Commissioner Burden praised NY Parallel Networks with these words, “The winning entry, NY Parallel Networks, is very rich proposal that takes on all of the major themes of the City’s new waterfront plan, Vision 2020. The design includes an exciting public recreational space in the Bronx integrated with energy production, water cleansing, and enhancement of natural habitats. In addition, the proposal referenced the needs of the maritime industry, and included boat tie up and maritime services on an artificial reef.”

WINNER: NY PARALLEL NETWORKS by Ali Fard and Ghazal Jafari, Canada

WINNER: NY PARALLEL NETWORKS by Ali Fard and Ghazal Jafari, Canada

WINNER: NY PARALLEL NETWORKS by Ali Fard and Ghazal Jafari, Canada

WINNER: NY PARALLEL NETWORKS by Ali Fard and Ghazal Jafari, Canada

ONE PRIZE’s multifaceted design brief brought in a wide variety of proposals, and the jury selected three honorable mentions to represent the three general groups of entries: Developing water-borne culture; Envisioning a comprehensive transportation system; and addressing intensifying environmental challenges.

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City Beautiful: The Secret Life of Trees (via Encountering Urbanization)

Trees are life and he urban forest should surround all of us – not just the privileged few in our “leafy-suburbs…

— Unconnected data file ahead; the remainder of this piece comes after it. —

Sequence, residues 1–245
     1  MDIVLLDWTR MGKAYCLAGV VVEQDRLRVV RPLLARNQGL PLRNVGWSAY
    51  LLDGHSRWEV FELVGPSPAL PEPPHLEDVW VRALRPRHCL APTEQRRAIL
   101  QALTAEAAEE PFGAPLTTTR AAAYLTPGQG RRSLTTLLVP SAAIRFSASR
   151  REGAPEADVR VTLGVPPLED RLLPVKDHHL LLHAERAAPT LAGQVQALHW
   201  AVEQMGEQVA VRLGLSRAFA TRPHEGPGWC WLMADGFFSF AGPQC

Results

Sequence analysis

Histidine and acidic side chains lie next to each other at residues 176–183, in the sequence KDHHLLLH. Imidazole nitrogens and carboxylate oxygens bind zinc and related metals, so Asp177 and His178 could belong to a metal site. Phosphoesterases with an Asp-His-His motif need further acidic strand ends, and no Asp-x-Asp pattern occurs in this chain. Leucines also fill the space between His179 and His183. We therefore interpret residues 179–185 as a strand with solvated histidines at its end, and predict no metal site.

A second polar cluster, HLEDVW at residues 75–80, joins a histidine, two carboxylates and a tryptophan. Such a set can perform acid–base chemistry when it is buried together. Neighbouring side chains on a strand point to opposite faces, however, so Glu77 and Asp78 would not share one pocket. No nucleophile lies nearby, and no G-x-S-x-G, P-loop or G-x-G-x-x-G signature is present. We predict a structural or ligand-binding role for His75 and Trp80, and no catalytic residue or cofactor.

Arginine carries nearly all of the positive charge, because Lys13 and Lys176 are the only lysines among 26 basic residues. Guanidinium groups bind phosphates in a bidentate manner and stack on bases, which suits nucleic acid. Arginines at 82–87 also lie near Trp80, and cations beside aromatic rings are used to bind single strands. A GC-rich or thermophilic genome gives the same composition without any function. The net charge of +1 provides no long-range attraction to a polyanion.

City Beautiful: The Secret Life of Trees Despite tree-hugging tendencies, I'm trying my hardest not to hate trees and other blossoming urban flora right now as they wake up from a long winter and their wanton pollination causes my awful allergies. To feel a little better, it's a good time to remember that while urban forests dish out suffering to those of us with sensitive immune systems, they do take a lot of abuse from us too. In late February the New York Post reported a shocking exp … Read More

via Encountering Urbanization

ExpoTENtial’s Par Corps Lab – Exercise in the City?

Can we build cities that are able to exercise both our bodies and our minds – an experiment in New York reported by [polis] that we would like to see a different version of here in South African Cities, where a large proportion of the cities population walk many kilometers in the early hours of the morning to avoid expensive mini-bus taxi fares in order to get to work on time, while their more affluent co-inhabitants  sit in their cars jammed on the freeways….

Can urban intervention create opportunities for fitness in public spaces? Can well-placed “extensions” to existing urban structures, such as scaffolding or bike racks, turn a city into a free gym? Par Corps Lab — led by curator Shonquis Moreno, Robyne Kassen and Sarah Gluck (Urban Movement), and Tucker Viemeister (Rockwell Lab) — investigates these possibilities through a series of physical experiments in the city of New York. Observations of passers-by, as well as the skill sets of team members (Gluck is also a yoga instructor), led to the concept of cities as exercise machines. As a preliminary research phase, the documented experiments are presented as a film installation designed by Pure+Applied, which will open this evening at theCenter for Architecture‘s Helfand Gallery. Continue reading